[cryptography] Potential funding for crypto-related projects

James A. Donald jamesd at echeque.com
Mon Jul 1 17:41:49 EDT 2013

On 2013-07-01 9:50 PM, Ben Laurie wrote:
> On 1 July 2013 12:32, Tom Ritter <tom at ritter.vg> wrote:
>> On 1 July 2013 05:04, Ben Laurie <ben at links.org> wrote:
>>> On 1 July 2013 01:55, Jacob Appelbaum <jacob at appelbaum.net> wrote:
>>>> So then - what do you suggest to someone who wants to leak a document to
>>>> a press agency that has a GlobaLeaks interface?
>>> I would suggest: don't use GlobalLeaks, use anonymous remailers.
>>> Bottom line: Tor is weak against powerful adversaries because it is
>>> low latency. High latency mixes are a lot safer.
>>> GlobalLeaks should have an email API, IMO.
>> Having looked a lot at the current remailer network, and a bit at
>> GlobaLeaks - I'm going to wade in and disagree here. (Although this
>> thread has gotten woefully off topic after I've bumped it. =/)  Ben: I
>> love mix networks. I've been learning everything I can about them, and
>> have been researching them voraciously for a couple years.[0]  But IMO
>> the theoretical gains of high latency *today* are weaker than the
>> actual gains of low latency *today*.
>> Virtually all remailer use is Mixmaster, not Mixminion.  If you want
>> to use anything but a CLI on Linux - you're talking Mixmaster.  So I'm
>> assuming you mean that.  Mixmaster uses a very, very recognizable SMTP
>> envelope, that often goes out with no TLS, let alone no PFS.  There's
>> also precious few people actually using it.  And finally, if you look
>> at the public attacks on remailers (the unfortunate bombing threats of
>> last summer) and Tor (the Jeremy Hammond case) - you see that Feds are
>> willing to go on fishing expeditions for remailers, but less so Tor.
>> Tor was traffic confirmation, Remailers was fishing.[1]
>> Compare to GlobaLeaks.  Tor Hidden Service, Tor network.  The two
>> biggest threats are Traffic Correlation and the recent attacks on
>> Hidden Services.
>> Assume a Globally Passive Adversary logging all SMTP envelopes
>> (because... they are. So don't assume, know.).  Now assume a leak
>> arrives over email.  Light up all the nodes who sent a message via
>> Mixmaster within a couple days, and you'll get at most, a couple
>> hundred.  Now dim all the lights who've never sent a mixmaster message
>> before.  You'll get a couple.  That's enough to investigate them all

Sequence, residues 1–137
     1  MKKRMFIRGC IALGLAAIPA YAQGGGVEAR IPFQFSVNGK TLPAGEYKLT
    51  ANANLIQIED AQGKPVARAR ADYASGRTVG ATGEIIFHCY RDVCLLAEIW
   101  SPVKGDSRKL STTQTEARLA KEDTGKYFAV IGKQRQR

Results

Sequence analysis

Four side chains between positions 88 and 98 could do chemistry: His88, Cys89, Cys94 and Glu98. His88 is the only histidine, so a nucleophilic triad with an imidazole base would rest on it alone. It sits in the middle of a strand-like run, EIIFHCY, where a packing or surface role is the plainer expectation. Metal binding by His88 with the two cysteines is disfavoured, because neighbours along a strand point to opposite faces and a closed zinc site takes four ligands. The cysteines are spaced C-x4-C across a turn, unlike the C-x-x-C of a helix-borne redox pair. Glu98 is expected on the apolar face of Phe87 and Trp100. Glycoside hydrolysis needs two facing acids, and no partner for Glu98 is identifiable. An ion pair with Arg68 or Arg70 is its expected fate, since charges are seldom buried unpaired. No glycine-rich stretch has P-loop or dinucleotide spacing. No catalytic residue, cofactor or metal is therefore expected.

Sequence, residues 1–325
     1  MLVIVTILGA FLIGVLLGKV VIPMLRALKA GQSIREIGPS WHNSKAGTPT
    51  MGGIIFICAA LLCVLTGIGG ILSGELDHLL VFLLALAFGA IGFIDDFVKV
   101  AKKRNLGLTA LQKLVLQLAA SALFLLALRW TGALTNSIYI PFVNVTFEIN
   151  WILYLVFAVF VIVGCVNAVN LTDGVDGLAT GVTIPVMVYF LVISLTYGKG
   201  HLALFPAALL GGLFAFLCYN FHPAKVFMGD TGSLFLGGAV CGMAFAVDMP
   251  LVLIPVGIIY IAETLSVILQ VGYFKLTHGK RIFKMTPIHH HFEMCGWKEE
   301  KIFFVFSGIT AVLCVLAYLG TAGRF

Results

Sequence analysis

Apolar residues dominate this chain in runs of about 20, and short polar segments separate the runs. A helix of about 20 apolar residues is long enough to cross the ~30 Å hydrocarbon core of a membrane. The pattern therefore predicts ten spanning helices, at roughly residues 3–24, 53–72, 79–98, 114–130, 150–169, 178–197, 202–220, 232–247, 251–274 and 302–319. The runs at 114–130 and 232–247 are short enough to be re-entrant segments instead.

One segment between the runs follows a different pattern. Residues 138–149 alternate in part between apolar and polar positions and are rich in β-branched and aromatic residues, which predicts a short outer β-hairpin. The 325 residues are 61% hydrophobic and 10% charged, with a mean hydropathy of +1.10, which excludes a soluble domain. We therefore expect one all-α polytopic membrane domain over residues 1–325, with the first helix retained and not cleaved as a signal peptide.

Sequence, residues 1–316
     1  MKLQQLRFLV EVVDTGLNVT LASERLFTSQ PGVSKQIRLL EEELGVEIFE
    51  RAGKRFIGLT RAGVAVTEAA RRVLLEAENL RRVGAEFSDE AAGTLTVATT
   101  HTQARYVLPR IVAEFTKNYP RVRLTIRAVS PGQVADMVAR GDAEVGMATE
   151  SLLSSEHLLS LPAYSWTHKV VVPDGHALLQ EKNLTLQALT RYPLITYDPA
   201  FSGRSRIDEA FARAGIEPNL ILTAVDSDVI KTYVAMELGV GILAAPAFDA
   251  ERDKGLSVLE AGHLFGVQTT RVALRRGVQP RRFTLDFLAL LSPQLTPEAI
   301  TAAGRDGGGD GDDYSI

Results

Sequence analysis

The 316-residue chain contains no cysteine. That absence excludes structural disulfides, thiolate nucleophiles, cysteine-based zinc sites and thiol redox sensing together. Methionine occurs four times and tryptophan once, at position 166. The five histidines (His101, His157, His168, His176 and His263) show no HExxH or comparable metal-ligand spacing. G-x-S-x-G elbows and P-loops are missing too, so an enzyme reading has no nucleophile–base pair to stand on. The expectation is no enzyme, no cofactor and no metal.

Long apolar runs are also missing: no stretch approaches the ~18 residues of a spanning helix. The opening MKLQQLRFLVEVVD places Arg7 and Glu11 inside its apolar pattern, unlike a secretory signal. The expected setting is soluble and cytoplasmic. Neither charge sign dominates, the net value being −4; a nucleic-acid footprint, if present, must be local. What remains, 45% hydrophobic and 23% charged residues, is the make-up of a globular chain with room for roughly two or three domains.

>> using traditional methods.
>> Now you *do* have to assume a GPA who's logging all Tor traffic.  It's
>> possible.  Some would even say it's probable.  But we've seen no
>> evidence. Do the same light-up.  You get a hundreds if not thousands
>> of nodes.  Too many to investigate traditionally.  And to do Traffic
>> Confirmation, you need to identify the Hidden Service.  And there's
>> the issue that it's not trivial to do traffic confirmation.
>> Oh and there's also the little problem of sending anything over 10,236
>> bytes via Mixmaster splits the message into multiple messages that all
>> emanate from your machine which makes it wildly probable some won't
>> arrive, and also drastically makes you stand out the crazy person
>> who's trying to send anything other than text through Mixmaster.
>> I'm not saying GlobaLeaks+Tor is safe.  I'm saying I think our current
>> remailer network is wildly unsafe.  (Now what I think about fixing
>> it... that's a whole other story, for a whole other time.)
> You are probably right - remailers are not what they used to be.
> The more interesting point is high vs low latency. I really like the
> idea of having a high-latency option in Tor. It would still need to
> have a lot of users to actually be useful, though. But it seems there
> are various protocols that would be ore high-latency-friendly than
> HTTP - SMTP, of course, and XMPP spring to mind.

One solution would be to have an anonymizing remailer inside  tor as a 
hidden service.  You send emails to that service.  A random time later, 
they are sent to their destination.

>> -tom
>> [1] https://crypto.is/blog
>> http://defcon.org/html/defcon-21/dc-21-speakers.html#Ritter
>> [1] If you don't like my last argument, fine, ignore it, and work with
>> the others.
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